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About the Webcast
This livestreamed conversation is the fourth in the World Affairs Council of Philadelphia's Stan and Arlene Ginsburg Great Debate Series. It is being broadcast from Congress Hall, where the U.S. Congress met when Philadelphia was the capital from 1790-1800.
About the World Affairs Council
The World Affairs Council of Philadelphia is a private, nonprofit, nonpartisan educational organization dedicated to informing and engaging people of all ages on matters of national and international significance. The Council provides its members and the greater Philadelphia community with access to influential figures in the global arena as well as opportunities to visit fascinating destinations through its unique travel program. With the support of individual and corporate members, the Council’s global education program enhances the education of area students who are the citizens, workforce and leaders of the future.
About Independence National Historical Park
Independence National Historical Park is many things to many people. It is, of course, as it was intended to be, a national shrine. The events that took place here two centuries ago, and the buildings and objects associated with them, are what attract visitors from every state in the Union and almost every country around the globe. This place where our nation began arouses deep feelings. The attentive silence of the crowds in the Independence Hall is a testament to this emotion. So is the awe on the faces of children as they view the Liberty Bell for the first time. But Independence Hall is more than an object of reverence. It is also a place to be reminded of the ideals that formed the basis for the founding of the United States, and on which its continued survival depends. And as they tour the park, visitors are made aware that the formation of this nation was the work of men, imperfect like themselves, who transcended their faults and foibles to create an enduring republic, the oldest in the world and a model for free men everywhere.
About the Stan & Arlene Ginsburg "Great Debates" Series
The Stan and Arlene Ginsburg Family Foundation “Great Debates” Series of the World Affairs Council of Philadelphia explores the most pressing and vexing public policy questions facing our nation and the world, seeking to bring together some of the best and most provocative minds, with differing points of view, on these questions, creating a forum for audiences to decide for themselves “the whole truth.” The “Great Debates” series is being made possible by a challenge grant from the Stan and Arlene Ginsburg Family Foundation, with the challenge having been met by Council supporters UGI Corporation, AMETEK, Inc., and SEI Private Wealth Management.
Questions via TwitterTweets about "#WACGreatDebates"
6th & Chestnut Streets
Philadelphia, PA 19106
5:30 p.m. Registration
5:45 p.m. Program
7:15 p.m. Program Conclusion
The American presidency is the centerpiece of the U.S. political system, the symbol of our government to the nation and the world, and the most visible figure in U.S. politics. Over the course of our country’s history, several presidents maintained an extraordinarily high profile and wielded great power – among them George Washington, Abraham Lincoln, and Franklin D. Roosevelt – but what actually makes a president “great?” Is greatness defined by creating new powers for the office and new programs for the federal government, or getting the federal government out of the way of Americans’ freedom to pursue happiness in their own ways? Is America facing an “end of greatness,” where we are more presidency-dependent than ever, but the president’s capacity to deliver is rapidly diminishing? Or are we experiencing a void of heroic and inspirational presidents, with the increasingly polarized nature of politics preventing the rise of another truly great leader?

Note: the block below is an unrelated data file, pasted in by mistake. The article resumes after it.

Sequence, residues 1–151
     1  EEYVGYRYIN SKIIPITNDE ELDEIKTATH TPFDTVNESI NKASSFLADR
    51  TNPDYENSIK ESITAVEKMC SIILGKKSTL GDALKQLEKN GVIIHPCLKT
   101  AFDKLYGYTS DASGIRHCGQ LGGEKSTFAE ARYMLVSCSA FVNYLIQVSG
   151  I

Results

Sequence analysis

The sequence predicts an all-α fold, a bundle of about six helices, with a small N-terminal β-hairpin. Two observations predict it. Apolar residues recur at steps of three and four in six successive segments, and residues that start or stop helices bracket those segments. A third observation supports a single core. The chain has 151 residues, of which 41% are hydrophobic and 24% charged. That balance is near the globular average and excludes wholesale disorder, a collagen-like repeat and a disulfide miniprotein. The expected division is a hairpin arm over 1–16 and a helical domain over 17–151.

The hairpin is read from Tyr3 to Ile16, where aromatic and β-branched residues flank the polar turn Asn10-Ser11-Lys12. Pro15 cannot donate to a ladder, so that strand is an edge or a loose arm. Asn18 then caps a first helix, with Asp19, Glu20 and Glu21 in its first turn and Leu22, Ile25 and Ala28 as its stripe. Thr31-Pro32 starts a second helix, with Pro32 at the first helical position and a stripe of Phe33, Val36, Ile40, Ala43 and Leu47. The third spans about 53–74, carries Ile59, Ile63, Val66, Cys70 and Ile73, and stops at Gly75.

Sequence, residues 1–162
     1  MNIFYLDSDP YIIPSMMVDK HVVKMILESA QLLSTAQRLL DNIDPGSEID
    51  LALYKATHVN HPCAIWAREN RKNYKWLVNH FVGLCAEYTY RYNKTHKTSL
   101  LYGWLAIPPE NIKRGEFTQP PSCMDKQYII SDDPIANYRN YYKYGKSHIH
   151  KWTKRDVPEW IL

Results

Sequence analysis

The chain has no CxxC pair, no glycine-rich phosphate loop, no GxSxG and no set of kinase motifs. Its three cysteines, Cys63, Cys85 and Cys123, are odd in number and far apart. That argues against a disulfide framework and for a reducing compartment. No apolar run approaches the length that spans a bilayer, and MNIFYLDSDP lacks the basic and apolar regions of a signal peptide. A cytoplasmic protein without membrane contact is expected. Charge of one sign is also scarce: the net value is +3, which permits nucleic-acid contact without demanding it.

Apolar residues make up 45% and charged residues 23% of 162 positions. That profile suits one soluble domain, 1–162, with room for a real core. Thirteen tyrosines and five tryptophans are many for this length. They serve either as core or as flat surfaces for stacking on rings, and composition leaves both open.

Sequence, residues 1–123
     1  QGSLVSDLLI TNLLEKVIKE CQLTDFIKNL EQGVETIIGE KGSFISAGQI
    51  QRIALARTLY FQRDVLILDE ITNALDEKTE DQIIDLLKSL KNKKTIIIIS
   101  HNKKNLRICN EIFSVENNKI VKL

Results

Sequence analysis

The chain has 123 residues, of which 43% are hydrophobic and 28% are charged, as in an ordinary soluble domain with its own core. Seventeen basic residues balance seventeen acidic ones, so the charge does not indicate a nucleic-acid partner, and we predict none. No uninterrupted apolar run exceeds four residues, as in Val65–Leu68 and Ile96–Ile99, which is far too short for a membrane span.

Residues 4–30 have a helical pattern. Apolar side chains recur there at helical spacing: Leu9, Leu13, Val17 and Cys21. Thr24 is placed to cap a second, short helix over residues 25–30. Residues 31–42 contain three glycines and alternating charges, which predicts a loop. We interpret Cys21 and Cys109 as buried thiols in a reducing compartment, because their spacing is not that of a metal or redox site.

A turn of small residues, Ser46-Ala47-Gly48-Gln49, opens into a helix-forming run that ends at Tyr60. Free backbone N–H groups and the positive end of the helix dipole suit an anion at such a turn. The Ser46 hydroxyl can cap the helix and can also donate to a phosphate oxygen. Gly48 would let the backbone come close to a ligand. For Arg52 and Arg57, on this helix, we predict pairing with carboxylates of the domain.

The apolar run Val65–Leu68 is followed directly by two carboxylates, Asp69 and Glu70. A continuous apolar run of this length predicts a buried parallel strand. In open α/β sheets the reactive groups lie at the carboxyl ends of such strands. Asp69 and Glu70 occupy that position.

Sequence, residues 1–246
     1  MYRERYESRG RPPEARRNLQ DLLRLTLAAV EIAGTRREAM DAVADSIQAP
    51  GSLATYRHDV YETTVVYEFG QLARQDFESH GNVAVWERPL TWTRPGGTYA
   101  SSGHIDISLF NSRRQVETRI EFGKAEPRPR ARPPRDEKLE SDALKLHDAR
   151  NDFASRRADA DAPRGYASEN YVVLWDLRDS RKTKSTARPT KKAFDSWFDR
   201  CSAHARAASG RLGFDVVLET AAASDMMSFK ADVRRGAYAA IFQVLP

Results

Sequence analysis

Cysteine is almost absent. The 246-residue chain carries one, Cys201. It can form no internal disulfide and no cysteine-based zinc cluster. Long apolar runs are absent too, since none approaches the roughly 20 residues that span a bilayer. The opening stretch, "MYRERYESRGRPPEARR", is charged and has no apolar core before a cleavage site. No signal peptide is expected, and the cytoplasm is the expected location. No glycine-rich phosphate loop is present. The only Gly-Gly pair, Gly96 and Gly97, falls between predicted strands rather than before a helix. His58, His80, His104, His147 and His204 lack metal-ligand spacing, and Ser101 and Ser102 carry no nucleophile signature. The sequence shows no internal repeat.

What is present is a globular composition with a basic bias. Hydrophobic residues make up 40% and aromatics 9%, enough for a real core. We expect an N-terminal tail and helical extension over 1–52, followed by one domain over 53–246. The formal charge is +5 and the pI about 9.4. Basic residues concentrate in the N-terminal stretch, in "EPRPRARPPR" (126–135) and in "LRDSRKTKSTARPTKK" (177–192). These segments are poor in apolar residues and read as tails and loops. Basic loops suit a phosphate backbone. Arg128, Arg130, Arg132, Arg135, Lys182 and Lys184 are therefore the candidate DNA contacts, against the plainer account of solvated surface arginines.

In anticipation of the 2016 presidential election campaign, the World Affairs Council of Philadelphia and the Independence National Historical Park will host a conversation on the executive office itself and discuss the type of president America really needs in the Oval Office. In this discussion, we will ask the questions: Should we, as citizens, continue to aspire to “greatness” in our only nationally elected office—and what does that mean, anyway?
Sharing their views on the American presidency are David Eisenhower, director of the Institute for Public Service at the University of Pennsylvania’s Annenberg School for Communication and Aaron David Miller, vice president for New Initiatives and a distinguished scholar at the Woodrow Wilson International Center for Scholars in Washington, D.C., and a former U.S.-Middle East negotiator who’s advised Republican and Democratic Secretaries of State. Mr. Eisenhower is the grandson of President Dwight Eisenhower and the son-in-law of President Richard Nixon, and the author Eisenhower at War 1943-1945, a Pulitzer Prize finalist. Dr. Miller is the author of the just published, The End of Greatness: Why America Can’t Have (and Doesn’t Want) Another Great President.
Cynthia MacLeod, Superintendent
Independence National Historical Park
|Aaron David Miller||David Eisenhower|